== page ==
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Getting Ready to Go!! 4 September 08

Posted by turtlemom3 in ADI, PAALS, Service Dogs, Training.

I received several documents from PAALS yesterday. Instructions about getting ready to go and our schedule there!  I will need to “bring any poop scoopers, ADL devices, and items that dog will regularly retrieve, educational tools (ADA cards), and anything else that will regularly be used with dogs (ball throwers, etc).” OOPS! Didn’t know about the ADA cards!! Will have to print out and laminate ASAP!!) On top of everything else, I have lost my camera, and will have to borrow my oldest son’s camera to take pictures of the process! And that schedule! Talk about grueling!

Planned schedule (which will change as needed with added sessions if required – YIKES!)

Sat 9/13 and 9/14 start at 2 and end at 5pm at (training location)

Mon-Fri (15th – 19th) 9:30-4:30

*9/15 Lunch provided at (training location) by PAALS

*9/16 Dinner together at (training location) provided by PAALS from 5-6pm

* 9/18 Meet the Clients Event 5-7pm at (another location)

9/20 Sat Meet out in town – Publix (large grocery store) in downtown Columbia Time TBD

Individual sessions as needed 2-5pm (training location)

9/21 Sun Meet at (training location) at 2pm and travel to (another location) by 2:45-5pm . . . across bridge from Publix.

Mon-Fri (22nd – 26th) 9:30-4:30

*9/25 Lunch with Advisory Board member and PAALS at (another location) in Columbia

*9/27 Lunch with PAALS after ADI test


We will be scrutinized at each session. I feel like I used to going to new clinical locations when I was a “basic” student nurse!

Please keep us in your prayers! We leave on Friday, 9/12, and return on Monday 9/29. We are taking a day to recover before driving back.

Looking at that schedule, you can see that even if I have wi-fi, I probably won’t have the time (or energy!) to post blogs. So look for a 2-week gap in there. In addition, I will be letting this blog lapse and have already started a NEW blog here on WordPress about Living With the Woof. I’ll probably blog one or two last posts here after returning, and give the link to the new blog site again.

I know I will need to let Woof become acclimated to us at home for about a week before introducing her to other people – a FEW at a time. I had hoped to have her with me when I go to the Greek Festival on Oct 4th with my Red Hat buddies, but this will not be possible this year. I’ll have to leave her with the Ol’ Curmudgeon and go. I’ve been looking forward to going to the annual Greek Festival at the Cathedral of the Annunciation for 2 years, and don’t want to miss it – again!

[NOTE: Waiting for the Woof ended 10/2/08. Living with the Woof picks up with the addition of Emmy to our lives! Please join us at: Living With the Woof for the ongoing saga of the Woof! Our adventures and our foibles will be chronicled there.]


The Time Has Come!!! 27 August 08

Posted by turtlemom3 in PAALS, Service Dogs, Support PAALS, Training.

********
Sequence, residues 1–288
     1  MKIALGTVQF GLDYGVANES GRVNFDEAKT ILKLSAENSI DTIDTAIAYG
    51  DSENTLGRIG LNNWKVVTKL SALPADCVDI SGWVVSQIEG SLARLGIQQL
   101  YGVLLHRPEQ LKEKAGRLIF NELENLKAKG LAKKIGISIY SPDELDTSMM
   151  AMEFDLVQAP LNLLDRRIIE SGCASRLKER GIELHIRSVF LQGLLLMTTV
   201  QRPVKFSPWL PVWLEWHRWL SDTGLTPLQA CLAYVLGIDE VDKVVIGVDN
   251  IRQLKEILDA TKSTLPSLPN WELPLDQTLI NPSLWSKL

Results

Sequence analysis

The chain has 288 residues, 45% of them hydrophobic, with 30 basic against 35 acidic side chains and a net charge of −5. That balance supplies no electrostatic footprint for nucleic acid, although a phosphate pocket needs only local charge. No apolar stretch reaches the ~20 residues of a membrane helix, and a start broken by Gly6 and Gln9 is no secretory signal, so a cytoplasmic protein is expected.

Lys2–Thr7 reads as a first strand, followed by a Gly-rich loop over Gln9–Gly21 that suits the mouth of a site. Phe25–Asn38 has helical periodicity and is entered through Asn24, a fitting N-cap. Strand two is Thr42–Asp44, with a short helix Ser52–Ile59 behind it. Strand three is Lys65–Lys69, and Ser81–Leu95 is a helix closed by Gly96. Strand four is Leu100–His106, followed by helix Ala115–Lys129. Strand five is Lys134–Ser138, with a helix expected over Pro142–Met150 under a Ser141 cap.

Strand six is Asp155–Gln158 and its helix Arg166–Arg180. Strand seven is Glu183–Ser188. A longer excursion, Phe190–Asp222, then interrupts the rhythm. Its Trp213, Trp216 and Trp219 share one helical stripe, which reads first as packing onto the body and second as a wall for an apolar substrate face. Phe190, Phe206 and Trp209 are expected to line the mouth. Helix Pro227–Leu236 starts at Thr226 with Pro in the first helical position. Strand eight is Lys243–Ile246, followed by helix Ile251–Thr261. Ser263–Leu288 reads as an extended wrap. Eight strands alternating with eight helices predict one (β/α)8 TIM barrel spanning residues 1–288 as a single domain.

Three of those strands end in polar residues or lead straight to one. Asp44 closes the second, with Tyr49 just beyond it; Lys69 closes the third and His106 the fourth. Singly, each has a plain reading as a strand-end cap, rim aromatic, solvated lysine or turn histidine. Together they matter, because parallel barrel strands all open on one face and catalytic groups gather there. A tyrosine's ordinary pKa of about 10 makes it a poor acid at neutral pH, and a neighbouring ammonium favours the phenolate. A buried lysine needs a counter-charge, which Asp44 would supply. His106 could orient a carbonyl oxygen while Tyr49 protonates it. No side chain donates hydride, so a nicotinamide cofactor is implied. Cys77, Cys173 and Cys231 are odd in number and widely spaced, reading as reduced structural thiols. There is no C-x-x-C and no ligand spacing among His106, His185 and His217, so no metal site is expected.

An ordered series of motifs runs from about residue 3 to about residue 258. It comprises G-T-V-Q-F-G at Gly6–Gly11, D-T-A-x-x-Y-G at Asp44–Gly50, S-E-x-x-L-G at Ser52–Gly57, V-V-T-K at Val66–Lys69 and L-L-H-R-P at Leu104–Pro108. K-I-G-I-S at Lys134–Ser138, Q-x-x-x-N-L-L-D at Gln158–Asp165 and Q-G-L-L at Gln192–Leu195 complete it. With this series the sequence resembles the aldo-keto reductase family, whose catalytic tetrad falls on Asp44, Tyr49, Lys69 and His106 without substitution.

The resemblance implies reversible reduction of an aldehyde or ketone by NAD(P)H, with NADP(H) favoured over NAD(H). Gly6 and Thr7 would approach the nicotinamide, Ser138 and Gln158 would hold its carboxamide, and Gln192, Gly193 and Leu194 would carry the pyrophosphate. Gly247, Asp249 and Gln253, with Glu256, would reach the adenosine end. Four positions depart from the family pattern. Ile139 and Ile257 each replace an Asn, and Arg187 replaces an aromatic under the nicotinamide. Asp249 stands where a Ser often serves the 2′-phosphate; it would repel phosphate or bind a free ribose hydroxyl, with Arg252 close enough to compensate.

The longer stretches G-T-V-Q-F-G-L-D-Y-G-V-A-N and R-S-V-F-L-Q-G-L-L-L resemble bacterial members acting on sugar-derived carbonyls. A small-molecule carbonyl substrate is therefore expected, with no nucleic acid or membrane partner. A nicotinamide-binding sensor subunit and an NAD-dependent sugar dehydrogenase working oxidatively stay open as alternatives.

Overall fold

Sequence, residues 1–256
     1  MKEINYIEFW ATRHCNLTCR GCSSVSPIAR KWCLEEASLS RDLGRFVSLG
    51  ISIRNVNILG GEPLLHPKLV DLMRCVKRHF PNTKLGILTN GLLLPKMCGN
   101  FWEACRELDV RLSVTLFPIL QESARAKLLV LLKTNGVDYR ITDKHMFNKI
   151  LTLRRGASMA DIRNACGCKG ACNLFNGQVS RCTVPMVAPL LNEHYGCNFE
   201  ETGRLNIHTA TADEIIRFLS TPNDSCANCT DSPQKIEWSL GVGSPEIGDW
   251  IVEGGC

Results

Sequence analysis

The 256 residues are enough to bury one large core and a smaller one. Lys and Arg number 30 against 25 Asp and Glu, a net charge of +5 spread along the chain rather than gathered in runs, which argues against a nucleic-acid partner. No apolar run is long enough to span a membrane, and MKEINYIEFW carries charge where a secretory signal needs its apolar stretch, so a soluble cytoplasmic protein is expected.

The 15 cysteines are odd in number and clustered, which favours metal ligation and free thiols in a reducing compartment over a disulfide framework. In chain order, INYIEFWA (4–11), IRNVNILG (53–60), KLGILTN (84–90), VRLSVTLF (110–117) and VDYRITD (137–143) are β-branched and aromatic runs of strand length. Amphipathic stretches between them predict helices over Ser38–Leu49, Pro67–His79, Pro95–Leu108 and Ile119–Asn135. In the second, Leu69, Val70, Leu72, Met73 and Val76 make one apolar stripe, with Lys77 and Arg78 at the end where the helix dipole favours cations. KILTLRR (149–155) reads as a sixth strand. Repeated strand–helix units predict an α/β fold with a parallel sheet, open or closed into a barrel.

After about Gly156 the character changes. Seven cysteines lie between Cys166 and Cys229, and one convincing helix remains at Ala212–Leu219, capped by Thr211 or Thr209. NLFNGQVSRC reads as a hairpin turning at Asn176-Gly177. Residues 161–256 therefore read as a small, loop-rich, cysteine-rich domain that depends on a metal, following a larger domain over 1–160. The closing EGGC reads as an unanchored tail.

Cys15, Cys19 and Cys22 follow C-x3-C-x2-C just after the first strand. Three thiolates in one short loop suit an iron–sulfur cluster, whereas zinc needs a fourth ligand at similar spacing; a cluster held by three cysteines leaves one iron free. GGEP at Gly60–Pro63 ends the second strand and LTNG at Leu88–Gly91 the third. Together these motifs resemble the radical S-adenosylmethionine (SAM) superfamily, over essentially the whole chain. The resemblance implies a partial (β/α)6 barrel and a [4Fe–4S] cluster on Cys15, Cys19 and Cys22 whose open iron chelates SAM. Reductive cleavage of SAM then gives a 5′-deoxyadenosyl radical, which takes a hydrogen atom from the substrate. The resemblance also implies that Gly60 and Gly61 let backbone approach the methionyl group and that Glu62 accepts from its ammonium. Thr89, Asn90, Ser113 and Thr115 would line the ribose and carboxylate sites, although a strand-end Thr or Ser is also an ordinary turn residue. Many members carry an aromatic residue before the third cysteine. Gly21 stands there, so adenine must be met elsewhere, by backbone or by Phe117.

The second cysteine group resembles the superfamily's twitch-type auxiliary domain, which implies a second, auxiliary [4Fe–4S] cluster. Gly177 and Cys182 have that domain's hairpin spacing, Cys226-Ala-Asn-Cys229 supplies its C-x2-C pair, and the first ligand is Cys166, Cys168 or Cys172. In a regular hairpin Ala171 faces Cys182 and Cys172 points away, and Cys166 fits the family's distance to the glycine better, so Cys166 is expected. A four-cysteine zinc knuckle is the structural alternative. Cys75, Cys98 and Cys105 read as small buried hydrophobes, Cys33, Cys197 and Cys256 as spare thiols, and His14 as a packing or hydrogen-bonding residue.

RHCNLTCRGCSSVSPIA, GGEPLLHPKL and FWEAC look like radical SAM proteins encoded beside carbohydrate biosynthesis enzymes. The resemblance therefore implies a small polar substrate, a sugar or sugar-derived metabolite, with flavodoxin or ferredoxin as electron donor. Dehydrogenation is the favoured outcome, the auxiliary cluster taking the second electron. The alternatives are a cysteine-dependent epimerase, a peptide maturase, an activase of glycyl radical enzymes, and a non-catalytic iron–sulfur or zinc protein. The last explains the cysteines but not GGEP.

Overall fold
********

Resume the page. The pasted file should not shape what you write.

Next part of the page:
I received an e-mail from PAALS. My Training Camp will be Sept 13 – 28!! Obviously I probably won’t be posting to this blog – or any of the other blogs – during that time. But I’ll be taking notes and will post after I get back. We will leave the afternoon of Sept 12, and return on Monday Sept 29. Our son and daughter-in-law and their kids will be house-sitting for us so Magnus the Magnifi-cat won’t be too lonely. The Ol’ Curmudgeon will be going with me to help me as necessary. Fortunately he has wi-fi on his work laptop, so he’ll be able to work throughout. Also, his work cellphone will go with us, so he’ll be working as usual, only from SC and not from home.

Am I excited? Excited isn’t the word! There are NO descriptors in the English language to express this mixture of anticipation, elation, ecstasy, anxiety, and, yes, terror I am feeling.

We have the book that we must read before getting there: Don’t Shoot the Dog by Karen Pryor. When I saw the author’s name, I said, I KNOW that name! Turns out she authored one of the primary books about breastfeeding and I used it as a textbook for my nursing students as well as using it as my major reference when teaching Public Health Nurses how to counsel nursing women in their local clinics in GA! So she already has a good recommendation to me. As I’m getting into it, I would say this should become the primary training manual for anyone who wants to train an animal. It’s simple without being simplistic.

I’ve ordered my GoDogGo so I can take it to practice with my Woof. Fun exercise is absolutely necessary, and I’m too immobile to do decent walking. I hope that will change somewhat with the assistance of my Woof, but as I sit here with my knees red and swollen and barely able to weight bear, I’m a little discouraged about that aspect. However, I have a wheelchair, and Woof will learn to pull it for me. On level ground only. That will certainly give him exercise, but not the “off-duty” play he will need. I just regret that Woof won’t get the running and rougher playing with me that Labs and Lab mixes enjoy so much. But I have grandsons who will be delighted to do that in my place. I’m also going to train him to walk on our treadmill. In seriously hot and humid weather (which we have here in GA!) and in seriously cold weather (infrequent) and in rainy weather (frequent), he’ll be able to exercise there without either of us getting overheated, overly chilled or soaked!

Hmmmm – I wonder if I can train the Woof to retrieve Magnus when he gets out of the house, as he does infrequently, but which scares the pants off me. Labs are not herding dogs, but maybe I can train him to herd Magnus… BWAHAHAHAHAHAHAHA!!

Also – I need people and organizations to contribute to PAALS for me! {When you go to this page, scroll down to “Windy” – that’s my nickname, and that’s my picture!} I still don’t have my full amount in hand. And that will be due over the next 3 – 4 months. Please mention PAALS to your friends and acquaintances. Fund-raising ideas also will be gratefully accepted!